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Red Bull fear of 'Barcelona repeat' triggered strategy change - Horner

Red Bull fear of 'Barcelona repeat' triggered strategy change - Horner

Red Bull fear of 'Barcelona repeat' triggered strategy change - Horner

Red Bull fear of 'Barcelona repeat' triggered strategy change - Horner

Red Bull team principal Christian Horner revealed a fear of the 'Barcelona scenario' where Mercedes pipped Max Verstappen to the victory in Spain drove the team to switch to a French Grand Prix-winning two-stop strategy.

With tyre degradation levels higher than expected at the Paul Ricard Circuit, Red Bull made the decision to pit race-leader Verstappen for a second time at the end of lap 32, allowing him to pass Mercedes' Lewis Hamilton on the penultimate lap.

In Spain, it was Mercedes that pulled the trigger on a second stop, leaving Red Bull in a no-win scenario as Lewis Hamilton claimed victory.

On this occasion, the tables were turned, notwithstanding an error from Verstappen into the first corner that allowed Hamilton to sweep by into the lead.

"It was an interesting race because I think the wind caught Max out at the first turn so he was lucky to survive the first turn," Horner told Sky Sports F1.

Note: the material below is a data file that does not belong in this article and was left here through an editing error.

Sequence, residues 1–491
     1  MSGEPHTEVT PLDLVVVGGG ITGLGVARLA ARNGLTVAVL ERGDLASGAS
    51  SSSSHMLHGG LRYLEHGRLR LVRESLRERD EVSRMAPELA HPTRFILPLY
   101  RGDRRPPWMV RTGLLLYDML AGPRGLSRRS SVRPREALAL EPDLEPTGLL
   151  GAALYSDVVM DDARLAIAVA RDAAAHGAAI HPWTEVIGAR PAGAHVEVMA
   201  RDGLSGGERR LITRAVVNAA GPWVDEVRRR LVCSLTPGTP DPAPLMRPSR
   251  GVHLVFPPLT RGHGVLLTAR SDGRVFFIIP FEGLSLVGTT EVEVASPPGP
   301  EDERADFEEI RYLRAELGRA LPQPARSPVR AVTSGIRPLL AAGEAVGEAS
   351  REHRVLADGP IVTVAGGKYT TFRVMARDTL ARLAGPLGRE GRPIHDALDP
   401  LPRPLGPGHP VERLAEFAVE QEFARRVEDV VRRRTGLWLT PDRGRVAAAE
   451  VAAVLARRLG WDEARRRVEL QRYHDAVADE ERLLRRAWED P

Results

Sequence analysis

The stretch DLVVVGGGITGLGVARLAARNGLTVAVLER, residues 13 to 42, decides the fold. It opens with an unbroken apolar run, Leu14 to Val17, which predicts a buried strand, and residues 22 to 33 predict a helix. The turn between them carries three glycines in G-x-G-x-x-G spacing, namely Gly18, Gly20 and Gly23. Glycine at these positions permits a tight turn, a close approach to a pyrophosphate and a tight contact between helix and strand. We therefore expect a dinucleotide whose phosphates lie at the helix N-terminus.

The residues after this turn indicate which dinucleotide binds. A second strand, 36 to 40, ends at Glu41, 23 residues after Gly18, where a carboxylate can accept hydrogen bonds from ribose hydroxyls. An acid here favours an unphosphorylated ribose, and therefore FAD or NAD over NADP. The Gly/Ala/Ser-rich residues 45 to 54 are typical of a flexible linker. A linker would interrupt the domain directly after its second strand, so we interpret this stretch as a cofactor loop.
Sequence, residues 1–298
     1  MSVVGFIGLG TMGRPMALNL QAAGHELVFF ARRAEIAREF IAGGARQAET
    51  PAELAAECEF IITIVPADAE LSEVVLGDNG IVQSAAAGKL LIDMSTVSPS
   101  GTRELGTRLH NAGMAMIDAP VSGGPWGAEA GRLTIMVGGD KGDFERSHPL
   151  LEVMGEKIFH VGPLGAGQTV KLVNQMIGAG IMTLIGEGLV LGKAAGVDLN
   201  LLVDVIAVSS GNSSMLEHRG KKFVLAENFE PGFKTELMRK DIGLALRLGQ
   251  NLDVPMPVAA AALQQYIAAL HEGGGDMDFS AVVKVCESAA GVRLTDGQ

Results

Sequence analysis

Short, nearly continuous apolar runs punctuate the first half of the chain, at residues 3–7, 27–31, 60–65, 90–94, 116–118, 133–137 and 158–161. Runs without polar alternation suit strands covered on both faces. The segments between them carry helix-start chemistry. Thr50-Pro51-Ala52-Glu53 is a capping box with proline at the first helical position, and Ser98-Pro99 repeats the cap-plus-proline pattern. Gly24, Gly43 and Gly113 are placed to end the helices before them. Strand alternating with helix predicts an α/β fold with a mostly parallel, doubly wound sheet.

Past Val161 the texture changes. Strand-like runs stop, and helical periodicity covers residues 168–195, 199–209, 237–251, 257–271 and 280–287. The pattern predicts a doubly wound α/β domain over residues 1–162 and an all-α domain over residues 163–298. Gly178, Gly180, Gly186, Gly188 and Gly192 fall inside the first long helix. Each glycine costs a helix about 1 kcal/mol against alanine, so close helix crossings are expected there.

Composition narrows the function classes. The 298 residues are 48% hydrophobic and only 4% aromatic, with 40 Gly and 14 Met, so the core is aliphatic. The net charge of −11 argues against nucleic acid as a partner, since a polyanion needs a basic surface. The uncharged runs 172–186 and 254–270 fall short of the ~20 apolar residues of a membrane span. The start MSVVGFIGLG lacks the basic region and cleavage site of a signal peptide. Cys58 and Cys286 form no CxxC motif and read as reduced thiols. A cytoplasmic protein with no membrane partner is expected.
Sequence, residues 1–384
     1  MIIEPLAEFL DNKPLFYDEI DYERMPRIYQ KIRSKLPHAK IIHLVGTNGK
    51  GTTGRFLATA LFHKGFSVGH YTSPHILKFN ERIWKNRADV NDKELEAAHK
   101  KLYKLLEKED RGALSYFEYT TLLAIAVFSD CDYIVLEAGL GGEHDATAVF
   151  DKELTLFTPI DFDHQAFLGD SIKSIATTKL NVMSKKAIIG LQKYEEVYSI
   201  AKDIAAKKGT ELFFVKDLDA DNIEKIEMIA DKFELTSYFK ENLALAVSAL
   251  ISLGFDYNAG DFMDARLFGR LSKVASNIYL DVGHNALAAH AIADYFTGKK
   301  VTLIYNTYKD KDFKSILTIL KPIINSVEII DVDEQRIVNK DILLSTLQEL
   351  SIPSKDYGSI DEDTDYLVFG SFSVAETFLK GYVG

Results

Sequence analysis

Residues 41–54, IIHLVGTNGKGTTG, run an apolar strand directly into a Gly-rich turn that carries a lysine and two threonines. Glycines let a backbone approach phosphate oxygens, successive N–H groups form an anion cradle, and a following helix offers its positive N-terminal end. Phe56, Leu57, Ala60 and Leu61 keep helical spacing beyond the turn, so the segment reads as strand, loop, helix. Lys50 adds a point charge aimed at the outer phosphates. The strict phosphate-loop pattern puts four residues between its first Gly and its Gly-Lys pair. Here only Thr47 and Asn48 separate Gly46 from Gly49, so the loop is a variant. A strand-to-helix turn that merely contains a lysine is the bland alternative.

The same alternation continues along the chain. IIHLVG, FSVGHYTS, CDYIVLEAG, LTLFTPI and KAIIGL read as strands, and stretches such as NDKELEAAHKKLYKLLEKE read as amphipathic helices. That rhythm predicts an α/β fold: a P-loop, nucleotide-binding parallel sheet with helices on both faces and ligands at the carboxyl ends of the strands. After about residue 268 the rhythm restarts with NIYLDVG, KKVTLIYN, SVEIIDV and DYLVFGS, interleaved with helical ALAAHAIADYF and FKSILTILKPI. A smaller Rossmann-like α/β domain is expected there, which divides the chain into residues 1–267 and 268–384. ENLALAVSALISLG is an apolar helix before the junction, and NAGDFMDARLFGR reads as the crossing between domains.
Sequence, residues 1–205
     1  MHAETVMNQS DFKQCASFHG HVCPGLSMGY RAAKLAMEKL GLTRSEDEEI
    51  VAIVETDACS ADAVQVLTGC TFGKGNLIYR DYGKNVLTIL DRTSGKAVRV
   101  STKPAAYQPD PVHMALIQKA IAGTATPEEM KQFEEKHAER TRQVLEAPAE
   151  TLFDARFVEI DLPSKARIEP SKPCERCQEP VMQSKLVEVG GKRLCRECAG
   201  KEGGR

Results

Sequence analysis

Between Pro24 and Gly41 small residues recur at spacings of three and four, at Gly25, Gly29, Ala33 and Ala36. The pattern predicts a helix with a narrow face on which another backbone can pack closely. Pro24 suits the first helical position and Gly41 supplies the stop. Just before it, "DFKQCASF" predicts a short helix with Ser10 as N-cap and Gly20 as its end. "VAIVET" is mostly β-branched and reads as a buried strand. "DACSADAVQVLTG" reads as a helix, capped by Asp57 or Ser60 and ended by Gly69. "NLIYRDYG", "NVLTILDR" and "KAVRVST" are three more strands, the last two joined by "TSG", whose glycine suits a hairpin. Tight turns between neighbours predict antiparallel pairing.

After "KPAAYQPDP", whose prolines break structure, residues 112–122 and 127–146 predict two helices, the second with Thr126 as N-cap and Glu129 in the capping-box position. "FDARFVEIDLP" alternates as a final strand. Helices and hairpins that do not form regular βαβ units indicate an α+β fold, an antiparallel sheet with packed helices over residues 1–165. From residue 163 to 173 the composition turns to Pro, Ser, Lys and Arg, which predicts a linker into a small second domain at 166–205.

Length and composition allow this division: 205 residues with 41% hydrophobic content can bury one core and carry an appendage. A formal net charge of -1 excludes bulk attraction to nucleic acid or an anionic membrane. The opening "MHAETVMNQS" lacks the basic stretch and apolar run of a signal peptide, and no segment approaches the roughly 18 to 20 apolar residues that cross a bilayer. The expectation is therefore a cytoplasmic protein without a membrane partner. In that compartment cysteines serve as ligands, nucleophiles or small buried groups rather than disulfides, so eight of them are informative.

"Then Lewis in clean air, you could see sector one and sector three was very strong.

"We thought before the race that the undercut wasn't going to be as powerful as it was today but I guess that is why Mercedes left Lewis out for two laps.

"We went for it with Max and the pace on his out lap was phenomenal.

"Then of course you are in a horrible position, a bit like Barcelona, and you think they can't do it again. That is why we went for the stop and then it was down to Max having to make up the ground on the track."

Hamilton fought fair

Unlike recent circuits in Monaco and Azerbaijan, Le Castellet is a track that favours the attacking driver with wide run-off areas limiting the punishment for an unsuccessful passing attempt.

Even though the opportunity was there for Hamilton to defend his lead, Horner praised the seven-time champion for his "very fair" behaviour.

"We could see Lewis was pretty much through to the band of the tyre so there could have been nothing left on that tyre," added Horner, referring to Hamilton's second-stint hard-compound rubber.

"Max, he had five laps, six laps to do it after he cleared Valtteri [Bottas] so he got his head down and in the end I have to say Lewis was very fair with the pass.

"He didn't defend hard or aggressively and it was a very clean move."

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